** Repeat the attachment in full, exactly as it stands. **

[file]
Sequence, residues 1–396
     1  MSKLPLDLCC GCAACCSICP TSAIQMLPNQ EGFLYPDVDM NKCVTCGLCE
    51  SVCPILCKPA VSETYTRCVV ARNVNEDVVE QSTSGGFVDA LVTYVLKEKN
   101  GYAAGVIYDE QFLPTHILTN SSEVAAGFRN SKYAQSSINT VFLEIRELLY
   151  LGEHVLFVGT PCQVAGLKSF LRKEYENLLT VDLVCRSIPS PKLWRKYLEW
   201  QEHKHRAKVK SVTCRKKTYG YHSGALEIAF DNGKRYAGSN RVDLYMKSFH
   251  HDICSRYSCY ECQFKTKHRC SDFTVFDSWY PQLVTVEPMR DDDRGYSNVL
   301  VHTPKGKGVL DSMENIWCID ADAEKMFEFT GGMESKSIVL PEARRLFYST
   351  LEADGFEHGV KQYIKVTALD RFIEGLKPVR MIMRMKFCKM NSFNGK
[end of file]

Sequence, residues 1–396
     1  MSKLPLDLCC GCAACCSICP TSAIQMLPNQ EGFLYPDVDM NKCVTCGLCE
    51  SVCPILCKPA VSETYTRCVV ARNVNEDVVE QSTSGGFVDA LVTYVLKEKN
   101  GYAAGVIYDE QFLPTHILTN SSEVAAGFRN SKYAQSSINT VFLEIRELLY
   151  LGEHVLFVGT PCQVAGLKSF LRKEYENLLT VDLVCRSIPS PKLWRKYLEW
   201  QEHKHRAKVK SVTCRKKTYG YHSGALEIAF DNGKRYAGSN RVDLYMKSFH
   251  HDICSRYSCY ECQFKTKHRC SDFTVFDSWY PQLVTVEPMR DDDRGYSNVL
   301  VHTPKGKGVL DSMENIWCID ADAEKMFEFT GGMESKSIVL PEARRLFYST
   351  LEADGFEHGV KQYIKVTALD RFIEGLKPVR MIMRMKFCKM NSFNGK